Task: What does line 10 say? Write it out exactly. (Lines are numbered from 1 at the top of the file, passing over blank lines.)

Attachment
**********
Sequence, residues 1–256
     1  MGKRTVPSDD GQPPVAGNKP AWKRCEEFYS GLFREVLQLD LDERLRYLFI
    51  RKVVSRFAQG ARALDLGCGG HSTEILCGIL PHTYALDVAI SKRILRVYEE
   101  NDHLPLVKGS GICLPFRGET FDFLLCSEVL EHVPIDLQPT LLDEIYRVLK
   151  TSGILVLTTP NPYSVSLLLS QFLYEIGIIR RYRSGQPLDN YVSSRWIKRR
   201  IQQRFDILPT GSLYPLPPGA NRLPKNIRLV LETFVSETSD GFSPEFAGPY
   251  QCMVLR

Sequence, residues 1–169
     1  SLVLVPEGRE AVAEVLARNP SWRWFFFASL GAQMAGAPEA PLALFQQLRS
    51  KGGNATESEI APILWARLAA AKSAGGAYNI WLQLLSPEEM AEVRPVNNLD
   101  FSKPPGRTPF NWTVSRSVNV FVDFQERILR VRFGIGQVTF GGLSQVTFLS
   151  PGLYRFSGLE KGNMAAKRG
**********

    51  KGGNATESEI APILWARLAA AKSAGGAYNI WLQLLSPEEM AEVRPVNNLD